SQA exams: Why smaller school assessments are prolonging the agony

As we come to the end of a mental health awareness week, many young people await news about the Scottish Qualifications Authority appeals process for 2021.

The importance of getting an appeals process that upholds the rights of tens of thousands of students is highlighted by the continuing impact 2020 is having on the lives of our young people.

This article is co-written by Crista Arthur and Mia Moohan, two students impacted by SQA processes in 2020 and 2021, who ask for a human rights compliant, direct appeals process that recognises individual extenuating circumstances to ensure no student is unfairly penalised due to the pandemic.

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For those of us who left school in 2020, SQA processes should be behind us.

Heather Barbour, 17, from Fraserburgh Academy attends a protest over SQA exams. Picture: John Devlin

However, the requirement to rank students in the SQA alternative certification model of 2020 meant teachers could not award us the grades they said we were capable of throughout the year – formally on our UCAS applications and verbally at parent’s evenings and in class.

Instead, we were awarded our prelim results.

This was despite a culture at many schools where prelims were nothing to be worried about nor were the grades achieved important.

Last year’s students were unaware of the pandemic when they sat their prelims.

Therefore, it seems unjustifiable that some have been forced to accept grades achieved in these prelims instead of being permitted an appeal that examines holistic evidence, including UCAS estimates, personal circumstances and previous attainment in both prelims and exams, where available.

The encouragement from our schools to focus on work experience and interviews instead of our prelims, to help our progression onto university, was well meant.

However, it has left many of us without university places more than a year after sitting those prelims.

The lack of appeal for these students has left them in limbo awaiting news which will decide their futures – the Deputy First Minister’s Office is still considering our request for appeals.

For many young people, the 2020 results fiasco has cost them their university places in 2021.

After many students lost university places last year, it was always going to be more competitive this year. However, some of us are only now realising that we are victims of SQA 2020.

With some young people trying to emphasise the pressure many are feeling as they try to sit ‘exams’ while waiting on university and college responses through UCAS, it’s important to realise this academic year is very different to the ‘average’ year.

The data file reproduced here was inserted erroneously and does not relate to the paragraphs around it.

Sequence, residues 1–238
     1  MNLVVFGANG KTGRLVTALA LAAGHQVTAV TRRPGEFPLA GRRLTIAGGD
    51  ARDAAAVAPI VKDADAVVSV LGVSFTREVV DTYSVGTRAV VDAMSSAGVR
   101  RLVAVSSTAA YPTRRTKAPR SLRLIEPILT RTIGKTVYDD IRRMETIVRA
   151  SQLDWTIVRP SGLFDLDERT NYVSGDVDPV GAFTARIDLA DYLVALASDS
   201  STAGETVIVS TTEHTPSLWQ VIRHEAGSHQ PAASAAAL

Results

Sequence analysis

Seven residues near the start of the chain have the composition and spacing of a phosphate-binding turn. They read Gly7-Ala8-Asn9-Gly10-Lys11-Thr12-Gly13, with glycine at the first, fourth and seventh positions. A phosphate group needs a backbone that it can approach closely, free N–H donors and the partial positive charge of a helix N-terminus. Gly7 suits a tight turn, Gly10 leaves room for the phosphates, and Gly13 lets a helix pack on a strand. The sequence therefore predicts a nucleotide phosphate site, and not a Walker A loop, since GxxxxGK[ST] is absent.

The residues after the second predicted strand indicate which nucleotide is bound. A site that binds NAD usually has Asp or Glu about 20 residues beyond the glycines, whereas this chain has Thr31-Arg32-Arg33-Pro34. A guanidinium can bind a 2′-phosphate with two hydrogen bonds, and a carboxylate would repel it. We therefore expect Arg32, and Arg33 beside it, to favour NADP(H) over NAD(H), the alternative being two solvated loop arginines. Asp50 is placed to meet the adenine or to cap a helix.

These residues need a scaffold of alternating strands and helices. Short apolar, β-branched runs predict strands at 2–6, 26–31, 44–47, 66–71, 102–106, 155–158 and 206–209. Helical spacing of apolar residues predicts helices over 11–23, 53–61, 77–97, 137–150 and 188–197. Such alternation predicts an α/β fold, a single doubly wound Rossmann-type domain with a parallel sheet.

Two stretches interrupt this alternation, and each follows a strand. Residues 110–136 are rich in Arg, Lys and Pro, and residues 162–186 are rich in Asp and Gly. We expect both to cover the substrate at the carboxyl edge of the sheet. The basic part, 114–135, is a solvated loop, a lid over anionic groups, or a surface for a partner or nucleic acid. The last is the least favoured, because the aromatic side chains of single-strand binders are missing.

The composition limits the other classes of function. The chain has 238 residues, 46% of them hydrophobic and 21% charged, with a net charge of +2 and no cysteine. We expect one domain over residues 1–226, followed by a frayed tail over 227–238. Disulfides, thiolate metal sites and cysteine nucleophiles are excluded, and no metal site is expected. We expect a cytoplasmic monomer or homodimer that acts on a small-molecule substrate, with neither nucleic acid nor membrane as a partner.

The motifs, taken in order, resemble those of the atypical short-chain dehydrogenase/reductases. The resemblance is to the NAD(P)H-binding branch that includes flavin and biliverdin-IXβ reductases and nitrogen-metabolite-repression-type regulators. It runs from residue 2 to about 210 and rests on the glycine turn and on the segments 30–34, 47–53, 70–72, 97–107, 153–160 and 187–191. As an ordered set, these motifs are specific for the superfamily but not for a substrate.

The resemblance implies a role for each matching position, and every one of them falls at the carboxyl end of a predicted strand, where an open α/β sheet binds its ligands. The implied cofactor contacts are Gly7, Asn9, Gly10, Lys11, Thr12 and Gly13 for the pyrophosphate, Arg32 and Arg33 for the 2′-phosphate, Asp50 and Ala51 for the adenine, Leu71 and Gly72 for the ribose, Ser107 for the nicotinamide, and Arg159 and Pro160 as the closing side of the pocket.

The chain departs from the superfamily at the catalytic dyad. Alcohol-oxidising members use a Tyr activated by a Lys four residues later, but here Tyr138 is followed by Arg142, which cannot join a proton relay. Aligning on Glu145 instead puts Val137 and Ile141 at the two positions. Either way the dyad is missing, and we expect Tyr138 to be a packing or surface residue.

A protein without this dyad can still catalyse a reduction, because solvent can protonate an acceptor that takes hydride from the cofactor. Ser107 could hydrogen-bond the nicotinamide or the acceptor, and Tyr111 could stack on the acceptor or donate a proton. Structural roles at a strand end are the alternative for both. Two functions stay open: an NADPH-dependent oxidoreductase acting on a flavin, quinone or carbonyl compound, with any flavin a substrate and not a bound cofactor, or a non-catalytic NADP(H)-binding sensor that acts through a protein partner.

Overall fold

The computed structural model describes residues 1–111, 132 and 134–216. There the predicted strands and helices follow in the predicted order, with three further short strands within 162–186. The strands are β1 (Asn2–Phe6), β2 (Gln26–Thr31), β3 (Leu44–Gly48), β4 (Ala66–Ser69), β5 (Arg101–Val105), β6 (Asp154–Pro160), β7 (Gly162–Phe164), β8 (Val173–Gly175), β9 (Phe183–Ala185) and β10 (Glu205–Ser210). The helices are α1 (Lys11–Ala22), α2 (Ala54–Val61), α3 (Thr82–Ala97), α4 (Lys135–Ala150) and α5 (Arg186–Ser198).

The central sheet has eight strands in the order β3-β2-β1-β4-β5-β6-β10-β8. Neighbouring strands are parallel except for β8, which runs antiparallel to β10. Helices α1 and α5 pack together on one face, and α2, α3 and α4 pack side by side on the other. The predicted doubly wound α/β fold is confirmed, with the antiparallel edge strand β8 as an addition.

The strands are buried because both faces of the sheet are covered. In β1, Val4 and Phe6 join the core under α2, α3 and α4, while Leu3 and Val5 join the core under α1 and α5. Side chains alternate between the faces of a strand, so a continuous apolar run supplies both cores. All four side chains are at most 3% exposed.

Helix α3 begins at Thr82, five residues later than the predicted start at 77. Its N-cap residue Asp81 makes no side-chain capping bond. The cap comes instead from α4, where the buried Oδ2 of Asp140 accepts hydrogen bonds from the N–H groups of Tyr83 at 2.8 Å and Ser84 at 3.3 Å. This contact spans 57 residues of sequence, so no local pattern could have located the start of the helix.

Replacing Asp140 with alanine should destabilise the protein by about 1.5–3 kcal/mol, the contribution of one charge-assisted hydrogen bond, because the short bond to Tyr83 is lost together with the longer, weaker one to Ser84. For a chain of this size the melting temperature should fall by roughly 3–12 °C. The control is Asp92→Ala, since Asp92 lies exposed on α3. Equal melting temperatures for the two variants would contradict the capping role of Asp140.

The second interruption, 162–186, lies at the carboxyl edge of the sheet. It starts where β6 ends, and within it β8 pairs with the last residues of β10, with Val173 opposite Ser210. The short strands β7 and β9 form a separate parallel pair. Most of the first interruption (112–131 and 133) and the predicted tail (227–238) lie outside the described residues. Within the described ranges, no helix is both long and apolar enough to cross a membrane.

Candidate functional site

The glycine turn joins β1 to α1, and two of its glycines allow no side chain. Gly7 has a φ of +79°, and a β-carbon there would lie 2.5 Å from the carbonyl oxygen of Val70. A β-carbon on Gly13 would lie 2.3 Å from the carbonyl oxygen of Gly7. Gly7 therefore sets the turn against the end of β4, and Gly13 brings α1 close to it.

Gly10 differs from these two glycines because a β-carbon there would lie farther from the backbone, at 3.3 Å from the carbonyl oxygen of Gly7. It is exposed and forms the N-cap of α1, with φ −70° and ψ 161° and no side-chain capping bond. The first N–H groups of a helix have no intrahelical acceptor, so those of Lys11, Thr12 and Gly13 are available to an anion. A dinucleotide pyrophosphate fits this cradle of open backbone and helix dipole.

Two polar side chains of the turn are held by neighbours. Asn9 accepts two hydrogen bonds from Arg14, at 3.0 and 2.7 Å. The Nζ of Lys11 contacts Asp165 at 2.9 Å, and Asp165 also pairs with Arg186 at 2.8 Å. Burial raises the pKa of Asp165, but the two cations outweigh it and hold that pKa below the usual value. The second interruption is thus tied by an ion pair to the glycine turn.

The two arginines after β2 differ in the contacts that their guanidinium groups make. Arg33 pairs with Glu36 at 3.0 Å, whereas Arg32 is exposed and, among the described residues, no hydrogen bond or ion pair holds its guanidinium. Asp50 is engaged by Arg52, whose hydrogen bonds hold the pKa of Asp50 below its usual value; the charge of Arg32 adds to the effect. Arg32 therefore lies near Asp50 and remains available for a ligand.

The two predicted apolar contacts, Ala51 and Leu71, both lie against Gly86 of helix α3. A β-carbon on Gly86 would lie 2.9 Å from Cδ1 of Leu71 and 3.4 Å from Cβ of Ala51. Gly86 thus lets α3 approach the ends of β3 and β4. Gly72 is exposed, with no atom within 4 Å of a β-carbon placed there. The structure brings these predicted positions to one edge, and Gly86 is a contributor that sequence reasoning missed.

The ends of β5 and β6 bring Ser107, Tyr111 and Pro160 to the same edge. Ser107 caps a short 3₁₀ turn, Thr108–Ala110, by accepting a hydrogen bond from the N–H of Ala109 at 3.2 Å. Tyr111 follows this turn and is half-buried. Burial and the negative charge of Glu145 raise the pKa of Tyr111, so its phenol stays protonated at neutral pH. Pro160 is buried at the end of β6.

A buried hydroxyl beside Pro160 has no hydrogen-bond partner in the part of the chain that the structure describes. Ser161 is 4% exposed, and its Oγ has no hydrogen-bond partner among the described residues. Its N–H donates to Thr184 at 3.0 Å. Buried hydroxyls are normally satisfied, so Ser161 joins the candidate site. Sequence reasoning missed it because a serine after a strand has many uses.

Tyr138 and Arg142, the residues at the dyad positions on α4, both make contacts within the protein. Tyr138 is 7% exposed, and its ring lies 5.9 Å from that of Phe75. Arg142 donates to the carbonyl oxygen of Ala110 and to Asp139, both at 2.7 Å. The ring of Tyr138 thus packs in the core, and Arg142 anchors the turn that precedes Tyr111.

In December, we were told that exams were cancelled.

However, this turned out not to be the case – official SQA exams were cancelled, but little else.

Despite students missing education due to situations caused by the pandemic, including self-isolation, caring responsibilities, digital poverty, home learning, and lockdown stresses more generally, students are still facing the same pressure to perform to the best of their abilities under ‘exam’ conditions.

We continue to hear people arguing that students sit exams every year, so there is no real difference, but instead of study leave and exams that are well spread out, we have ‘exams’ almost constantly over a seven to eight-week period with learning in classes between our assessments.

There is no time to think. The focus on lots of smaller assessments is prolonging the agony and adding to our stress – despite our teachers doing the best they can to support us.

This stress is amplified by the inconsistency across schools. While some schools are allowing pupils to resit assessments to see if they can perform better, other schools are only allowing their pupils to sit an assessment once.

Young people have been adversely affected during the pandemic and this has ultimately taken a toll on our mental health. However, the SQA processes of 2021 do not currently make allowances for this.

It is our hope the SQA will imminently announce a direct appeals process that is human rights compliant and takes an individualised and holistic approach, so no student from 2020 or 2021 continues to suffer detriment in their attempt to reach positive destinations.

No more ticking boxes – fix what must be fixed.

- Written by Crista Arthur, aged 18 and Mia Moohan, aged 17 with Dr Tracy Kirk


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